Today I’m pleased to welcome Canadian mystery author, Judy Penz Sheluk, to my blog. Although I haven’t read her books (yet!), I’m a fan of any novel with characters fighting to preserve a small town’s historic district from big box stores. I think Judy and I are on the same wavelength! Here’s more about Judy…
Judy Penz Sheluk’s debut mystery novel, The Hanged Man’s Noose: A Glass Dolphin Mystery (Barking Rain Press), was published in July 2015. Skeletons in the Attic (Imajin Books), the first book in her Marketville Mystery Series, was published in August 2016. Her short crime fiction appears in several anthologies and collections. Judy is a member of Sisters in Crime, Crime Writers of Canada, International Thriller Writers and the Short Mystery Fiction Society. Find out more at her website/blog, www.judypenzsheluk.com, where she interviews other authors and blogs about the writing life.
Back Cover Blurb From The Hanged Man’s Noose:
Small-town secrets and subterfuge lead to murder in this fast-moving, deftly written tale of high-stakes real estate wrangling gone amok.
Journalist Emily Garland lands a plum assignment as the editor of a niche magazine based in Lount’s Landing, a small town named after a colorful 19th century Canadian traitor. As she interviews the local business owners for the magazine, Emily quickly learns that many people are unhappy with real estate mogul Garrett Stonehaven’s plans to convert an old schoolhouse into a mega-box store. At the top of that list is Arabella Carpenter, the outspoken owner of an antiques shop, who will do just about anything to preserve the integrity of the town’s historic Main Street.
But Arabella is not alone in her opposition. Before long, a vocal dissenter at a town hall meeting about the proposed project dies. A few days later, another body is discovered, and although both deaths are ruled accidental, Emily’s journalistic suspicions are aroused.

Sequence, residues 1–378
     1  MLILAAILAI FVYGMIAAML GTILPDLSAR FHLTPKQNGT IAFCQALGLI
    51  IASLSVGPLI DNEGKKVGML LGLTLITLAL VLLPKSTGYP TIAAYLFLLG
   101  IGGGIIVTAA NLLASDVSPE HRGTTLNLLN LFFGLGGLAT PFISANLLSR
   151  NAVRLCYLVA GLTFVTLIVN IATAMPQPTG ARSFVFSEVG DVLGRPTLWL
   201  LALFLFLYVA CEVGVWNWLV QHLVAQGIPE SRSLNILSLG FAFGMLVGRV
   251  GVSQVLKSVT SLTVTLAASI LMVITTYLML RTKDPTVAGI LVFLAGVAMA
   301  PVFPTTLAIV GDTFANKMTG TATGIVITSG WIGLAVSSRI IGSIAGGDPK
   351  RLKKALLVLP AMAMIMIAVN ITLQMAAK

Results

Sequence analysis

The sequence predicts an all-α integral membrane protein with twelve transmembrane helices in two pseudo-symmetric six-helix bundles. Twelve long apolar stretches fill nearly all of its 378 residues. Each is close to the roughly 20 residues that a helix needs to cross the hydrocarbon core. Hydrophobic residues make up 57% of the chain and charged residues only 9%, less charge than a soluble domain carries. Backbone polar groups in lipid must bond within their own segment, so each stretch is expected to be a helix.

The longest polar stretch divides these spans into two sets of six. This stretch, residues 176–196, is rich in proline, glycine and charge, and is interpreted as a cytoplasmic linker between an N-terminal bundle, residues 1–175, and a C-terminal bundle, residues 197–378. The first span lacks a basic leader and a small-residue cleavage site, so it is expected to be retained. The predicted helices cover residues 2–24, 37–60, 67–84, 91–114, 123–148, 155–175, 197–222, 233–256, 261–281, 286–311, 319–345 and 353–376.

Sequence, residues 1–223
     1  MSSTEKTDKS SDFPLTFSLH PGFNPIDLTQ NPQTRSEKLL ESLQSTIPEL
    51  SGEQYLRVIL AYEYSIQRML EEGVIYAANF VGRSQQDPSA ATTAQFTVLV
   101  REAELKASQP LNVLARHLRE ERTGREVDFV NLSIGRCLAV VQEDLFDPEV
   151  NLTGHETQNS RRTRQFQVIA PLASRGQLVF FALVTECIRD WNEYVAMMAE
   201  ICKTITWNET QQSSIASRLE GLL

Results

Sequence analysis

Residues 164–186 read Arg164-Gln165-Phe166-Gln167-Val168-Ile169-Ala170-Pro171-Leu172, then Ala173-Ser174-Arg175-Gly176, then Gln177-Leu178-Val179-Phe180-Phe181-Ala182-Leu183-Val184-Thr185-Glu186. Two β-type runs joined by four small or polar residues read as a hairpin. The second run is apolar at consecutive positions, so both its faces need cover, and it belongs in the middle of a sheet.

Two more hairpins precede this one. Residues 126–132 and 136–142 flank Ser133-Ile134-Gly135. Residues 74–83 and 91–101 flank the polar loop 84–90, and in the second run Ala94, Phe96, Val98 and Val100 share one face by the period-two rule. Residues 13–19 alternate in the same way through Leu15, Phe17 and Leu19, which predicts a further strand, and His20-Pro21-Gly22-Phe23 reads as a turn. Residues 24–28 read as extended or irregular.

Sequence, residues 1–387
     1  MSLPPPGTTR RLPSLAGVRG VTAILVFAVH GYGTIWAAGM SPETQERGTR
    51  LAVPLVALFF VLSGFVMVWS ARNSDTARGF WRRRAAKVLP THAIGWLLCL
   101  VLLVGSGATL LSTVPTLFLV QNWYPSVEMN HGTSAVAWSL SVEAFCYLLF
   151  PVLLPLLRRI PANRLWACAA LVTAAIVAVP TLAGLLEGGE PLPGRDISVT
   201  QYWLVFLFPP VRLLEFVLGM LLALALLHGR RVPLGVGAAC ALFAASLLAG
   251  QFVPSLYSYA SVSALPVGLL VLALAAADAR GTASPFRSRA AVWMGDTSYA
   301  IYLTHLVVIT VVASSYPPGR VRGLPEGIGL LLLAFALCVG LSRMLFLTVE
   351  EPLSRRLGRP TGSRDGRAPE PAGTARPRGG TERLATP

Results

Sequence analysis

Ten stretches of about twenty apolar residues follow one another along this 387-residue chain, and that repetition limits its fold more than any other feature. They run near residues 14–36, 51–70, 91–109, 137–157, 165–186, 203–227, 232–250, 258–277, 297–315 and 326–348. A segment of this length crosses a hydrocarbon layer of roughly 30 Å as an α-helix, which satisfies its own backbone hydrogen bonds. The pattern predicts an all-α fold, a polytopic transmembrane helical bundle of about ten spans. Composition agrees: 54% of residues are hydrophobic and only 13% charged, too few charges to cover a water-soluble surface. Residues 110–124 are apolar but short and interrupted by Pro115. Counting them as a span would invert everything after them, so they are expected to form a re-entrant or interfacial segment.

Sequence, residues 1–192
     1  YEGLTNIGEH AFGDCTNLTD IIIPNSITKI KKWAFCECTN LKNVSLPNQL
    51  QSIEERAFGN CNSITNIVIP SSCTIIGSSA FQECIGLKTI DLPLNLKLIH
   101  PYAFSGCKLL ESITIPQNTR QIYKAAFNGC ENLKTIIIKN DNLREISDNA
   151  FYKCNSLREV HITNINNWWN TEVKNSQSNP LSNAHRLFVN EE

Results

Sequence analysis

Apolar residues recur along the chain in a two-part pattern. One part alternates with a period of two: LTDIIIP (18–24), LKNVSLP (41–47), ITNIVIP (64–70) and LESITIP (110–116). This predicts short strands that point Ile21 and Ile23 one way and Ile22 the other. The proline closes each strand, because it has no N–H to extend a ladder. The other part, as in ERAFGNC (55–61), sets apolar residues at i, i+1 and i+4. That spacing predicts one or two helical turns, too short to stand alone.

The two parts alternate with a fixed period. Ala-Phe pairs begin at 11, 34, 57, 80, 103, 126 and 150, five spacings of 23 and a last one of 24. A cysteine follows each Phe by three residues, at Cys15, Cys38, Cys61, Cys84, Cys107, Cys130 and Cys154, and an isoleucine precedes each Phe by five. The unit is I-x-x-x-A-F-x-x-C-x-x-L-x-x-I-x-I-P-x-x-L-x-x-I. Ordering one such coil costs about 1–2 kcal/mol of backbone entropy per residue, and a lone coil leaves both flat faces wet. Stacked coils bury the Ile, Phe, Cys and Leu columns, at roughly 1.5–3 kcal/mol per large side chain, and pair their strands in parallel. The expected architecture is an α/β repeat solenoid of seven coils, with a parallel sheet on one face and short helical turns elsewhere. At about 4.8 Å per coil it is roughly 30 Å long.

View all of Judy’s books on Amazon.
Interview with Judy Penz Sheluk:
Thanks for joining me today, Judy! When did you first know that you wanted to become a writer?
I’ve always wanted to write. As a kid, I wrote stories in my head, on the way to school and back again. I thought all kids did that! In 2003, I left the corporate world to try life as a freelance writer. I’ve never looked back. In late 2011, after taking some courses in Creative Writing, I decided to start The Hanged Man’s Noose. It was an instant addiction.
If you could spend the day with any character from your novel, who would it be? Why?
I love Arabella Carpenter. She owns the Glass Dolphin, an antiques shop owner and the sidekick in The Hanged Man’s Noose, the first book in my Glass Dolphin Mystery series. She’s going to be the protagonist in the sequel, and she has a small role in Skeletons in the Attic, the first book in my Marketville series. Arabella is smart, feisty, loves shortbread, chardonnay, and cognac. She’s also loyal to her friends—even her ex-husband, Levon— wears her heart on her sleeve, and firmly believes that authenticity matters in people as well as the antiques she sells.
If your book was made into a movie, who do you envision playing the leading roles?
Jennifer Lawrence for the protagonist in Skeletons in the Attic, Callie Barnstable. Bradley Cooper for her next-door neighbor and possible love interest, Royce Ashford. Chris Noth in the role of Leith Hampton, lawyer.
What attracts you to writing in the mystery/thriller genre?
It’s what I read, and I’m an avid reader – about a book a week and at least 3 or 4 mystery anthologies or collections a year. I try to write what I’d like to read. People ask if it’s difficult to separate the books I read by other authors from my writing, but the reverse is true. A well-written or clever mystery inspires me to try harder. Reading is the best teacher.
How do you deal with rejections and/or negative reviews?
I won’t lie. Rejection hurts, but there isn’t a writer, alive or dead, who hasn’t experienced rejection. When I was shopping for a publisher/agent for The Hanged Man’s Noose, I wrote a heartfelt and honest blog about the experience titled The First Cut is the Deepest. It still gets a lot of hits, as does the series, My Publishing Journey. I’ve also blogged about Learning from Rejection.
Both Noose and Skeletons have primarily good ratings, with an average of 4.18 and 4.34 respectively on Goodreads. When I received my first 1-star review (after a string of 5-star reviews on Amazon) for Skeletons, I was crushed. I went to my fellow Sisters in Crime Guppy group and lamented. I was congratulated for finally making it “into the club.” Apparently readers are leery of a book that only has 5 star reviews. Then I went and looked at the reviews for Gone Girl, and sure enough, among the 5 stars there were a few 1 stars. I felt comforted by that: I should be as successful as Gillian Flynn!
Thank you for sharing your insights, Judy! I know many of us wish we could be as successful as Gillian Flynn. It’s been a pleasure learning more about you and your books.
Check back on February 5th for my next interview with environmental thriller author, Pamela Lazos!